Soon enough, in spite of limping, he started to play football again with his friends. Moses’ friends could care less about his limping; all they wanted to know was if he was available to play. With the help of his friends, Moses’s life began to make sense again. He was playing football, running around the neighbourhood, climbing trees and engaging in many goofy and mischievous games like every other child he knew. He was beginning to be whole again.
In 2002, he was declared cancer free.
One of his psychological transformations was the fact that he learned to change the person he wanted to be to the person he had to be. No physical limitation was too big for him, nothing could deny Moses the destination he so richly envisioned. He started to think about things that he could do because of his mental capacity instead of relying on his physical capacity.
In the second wave of his life, he began to take an interest in Baale Francis as a news anchor, this soon became his life’s purpose and he began to pursue the dream of journalism. In school he pioneered and began a club called News link which was well received encouraging vigorous participation from the students and great recommendations from the school administration. His friends supported and encouraged him to pursue this passion even further, however life happened and he ended up pursuing a bachelor’s of Information Technology at university level. Do not be deceived by this because as mosses assured me, his passion for news and writing is still roaring and raging in the deep pits of his colourful and most cheerful heart.
He now believes that without a proper mental standing, support, love and the will, there is not much doctors can do for a patient if the patient has already given up on themselves. He believes healing starts with in and later begins to reflect on the outside. His vibrancy and philosophy on life explain how he is able to speak so passionately about cancer awareness. He feels that people suffer because they are not aware he believes that more than anything people need to start getting early screening. He casually compares this situation with HIV AIDS to stress his point even further; educating people will empower them to take control and drive how their cancer story will end up. Moses further emphasises the need to end cancer stigma in the world we live in today as this does no help those affected by cancer. Currently, he is the project manager at Uganda Child Cancer Foundation where they take cancer awareness to the children and their care takers. This is how serious he takes his beliefs.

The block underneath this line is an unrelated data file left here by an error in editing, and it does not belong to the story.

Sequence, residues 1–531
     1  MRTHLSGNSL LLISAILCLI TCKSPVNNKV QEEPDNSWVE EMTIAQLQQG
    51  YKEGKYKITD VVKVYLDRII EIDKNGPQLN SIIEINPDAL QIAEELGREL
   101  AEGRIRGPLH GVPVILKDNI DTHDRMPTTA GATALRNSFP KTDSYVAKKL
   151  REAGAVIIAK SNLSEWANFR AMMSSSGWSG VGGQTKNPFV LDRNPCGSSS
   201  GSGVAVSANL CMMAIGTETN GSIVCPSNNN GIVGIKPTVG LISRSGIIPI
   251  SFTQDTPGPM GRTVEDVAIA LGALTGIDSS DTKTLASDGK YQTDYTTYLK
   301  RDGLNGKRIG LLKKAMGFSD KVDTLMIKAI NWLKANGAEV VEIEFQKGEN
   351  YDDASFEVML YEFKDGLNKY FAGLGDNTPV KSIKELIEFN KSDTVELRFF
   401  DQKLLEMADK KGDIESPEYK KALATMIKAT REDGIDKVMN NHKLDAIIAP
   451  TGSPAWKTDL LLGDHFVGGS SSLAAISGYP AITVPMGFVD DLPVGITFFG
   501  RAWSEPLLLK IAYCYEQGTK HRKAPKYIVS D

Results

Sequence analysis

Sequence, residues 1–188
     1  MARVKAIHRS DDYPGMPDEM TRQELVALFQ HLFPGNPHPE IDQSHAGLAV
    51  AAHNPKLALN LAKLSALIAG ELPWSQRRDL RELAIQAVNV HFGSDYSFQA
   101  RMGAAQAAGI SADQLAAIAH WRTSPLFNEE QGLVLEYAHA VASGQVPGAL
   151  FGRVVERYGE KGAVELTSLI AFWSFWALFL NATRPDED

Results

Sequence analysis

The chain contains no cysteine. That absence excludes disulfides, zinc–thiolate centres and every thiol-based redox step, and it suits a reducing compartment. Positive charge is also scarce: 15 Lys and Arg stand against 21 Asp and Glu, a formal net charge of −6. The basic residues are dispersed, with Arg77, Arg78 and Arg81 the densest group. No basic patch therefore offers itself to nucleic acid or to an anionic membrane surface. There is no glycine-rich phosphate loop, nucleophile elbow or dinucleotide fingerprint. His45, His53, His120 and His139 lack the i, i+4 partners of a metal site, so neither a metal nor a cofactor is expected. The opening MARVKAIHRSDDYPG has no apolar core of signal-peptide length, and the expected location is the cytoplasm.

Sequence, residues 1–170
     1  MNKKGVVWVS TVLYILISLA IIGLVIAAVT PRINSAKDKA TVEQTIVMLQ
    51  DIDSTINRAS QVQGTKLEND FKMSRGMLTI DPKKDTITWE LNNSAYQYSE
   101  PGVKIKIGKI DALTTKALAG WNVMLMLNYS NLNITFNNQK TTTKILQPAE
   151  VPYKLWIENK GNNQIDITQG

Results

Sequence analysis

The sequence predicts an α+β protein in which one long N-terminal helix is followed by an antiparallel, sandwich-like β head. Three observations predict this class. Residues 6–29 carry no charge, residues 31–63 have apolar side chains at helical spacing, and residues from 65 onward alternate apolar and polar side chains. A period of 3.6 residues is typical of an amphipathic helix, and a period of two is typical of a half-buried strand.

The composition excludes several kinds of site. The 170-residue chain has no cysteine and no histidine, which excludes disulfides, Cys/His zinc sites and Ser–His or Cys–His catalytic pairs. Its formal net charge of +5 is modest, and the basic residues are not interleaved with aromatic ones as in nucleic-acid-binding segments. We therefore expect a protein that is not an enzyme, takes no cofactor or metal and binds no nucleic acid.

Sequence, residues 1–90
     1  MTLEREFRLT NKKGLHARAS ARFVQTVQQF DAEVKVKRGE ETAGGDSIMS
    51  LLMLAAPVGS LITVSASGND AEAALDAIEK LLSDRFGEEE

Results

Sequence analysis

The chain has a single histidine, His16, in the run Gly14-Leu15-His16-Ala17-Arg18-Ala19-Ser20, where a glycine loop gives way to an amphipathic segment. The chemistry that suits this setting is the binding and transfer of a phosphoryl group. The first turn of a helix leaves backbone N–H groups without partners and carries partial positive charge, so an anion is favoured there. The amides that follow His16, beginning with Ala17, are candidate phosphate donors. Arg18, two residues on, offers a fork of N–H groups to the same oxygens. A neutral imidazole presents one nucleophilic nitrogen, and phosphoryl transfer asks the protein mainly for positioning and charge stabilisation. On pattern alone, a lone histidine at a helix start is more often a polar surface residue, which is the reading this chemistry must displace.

In his leisure time, Moses sports, this can either be football or basketball. He watches formula 1 and rugby, reads novels and loves to watch movies and series. One could describe his social life as budding considering he is extremely out going and loves to have a good time. His favourite serie is the News room and Vikings from which he acquired a nemesis from the character Ragnar Lothbrok thanks to his friends. As the interview begins to get more fun related, he makes it a point to share the fact that he does not just watch movies like most people do, Moses takes the characters seriously. He believes movies and series have life lessons that both women and men should embrace. He casually says women should refer to the character of Lagertha in Vikings for her legendary strong spirit that many women today should learn from. People could learn to be more open minded like his nemesis Ragnar and adopt his fearless attempt in the pursuit of the unknown for which he believes in. The world would be a better place if people picked such amazing and positive attributes from movies.
Today, in spite of volunteering with Uganda Cancer Foundation, he also has a budding website where he has a chance to exercise his journalism passion. 19 years down the road, Moses is the manifestation of cheer and a chatty character blended with a warm regard for life. If Moses didn’t tell you his story, you would never have guessed.